Outrage is a powerful tool in any democracy. In a fledgling democracy like ours where power and wealth are concentrated in the hands of a few, it becomes even more important for the middle class to keep the fires of indignation alive. The have-nots are too busy waging a struggle for daily survival. Who will speak for these people? Who will demand accountability of those we elect? Who will stand up and say: enough? A great nation must be known for its moral standards. In India, the one-time custodians of those standards are simply not being vigilant enough.

Namita Bhandare is a Delhi-based writer


The views expressed by the author are personal.

Will our real heroes stand up?

There is no dearth of role models in India. But those who get recognised are rarely deserving, writes Namita Bhandare.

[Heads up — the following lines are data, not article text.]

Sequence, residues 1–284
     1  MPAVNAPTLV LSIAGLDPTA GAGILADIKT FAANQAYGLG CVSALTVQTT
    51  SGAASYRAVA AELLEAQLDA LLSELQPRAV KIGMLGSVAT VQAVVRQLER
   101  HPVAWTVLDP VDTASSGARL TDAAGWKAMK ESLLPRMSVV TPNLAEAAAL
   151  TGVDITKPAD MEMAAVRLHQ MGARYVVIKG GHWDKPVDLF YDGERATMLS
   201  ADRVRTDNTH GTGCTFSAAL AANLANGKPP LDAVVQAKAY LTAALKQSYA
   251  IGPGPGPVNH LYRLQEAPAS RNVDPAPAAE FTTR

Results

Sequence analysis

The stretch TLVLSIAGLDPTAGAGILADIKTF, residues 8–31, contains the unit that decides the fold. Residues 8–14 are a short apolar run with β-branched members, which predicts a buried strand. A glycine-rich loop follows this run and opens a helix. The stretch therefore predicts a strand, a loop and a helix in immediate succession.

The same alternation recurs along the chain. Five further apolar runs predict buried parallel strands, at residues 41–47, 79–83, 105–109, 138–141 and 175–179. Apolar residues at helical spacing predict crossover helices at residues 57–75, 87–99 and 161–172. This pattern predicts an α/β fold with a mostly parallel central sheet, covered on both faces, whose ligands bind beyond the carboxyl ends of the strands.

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I’m in search of a hero. By hero I don’t necessarily mean someone of the male persuasion; anyone with heroic qualities that I can look up to and point my children towards will do. Anyone at all — male, female or transgender; Indian, Ethiopian or Belarusian.

My search received new impetus after the hero-dom of Steven Slater, the flight attendant who jettisoned himself via emergency chute off his aircraft following an altercation with a passenger. Slater was arrested and released on bail a few hours later. By then he had already become a ‘working class hero’ with two lakh followers on Facebook. Television, reliable barometer of public perception, has plans for a reality show.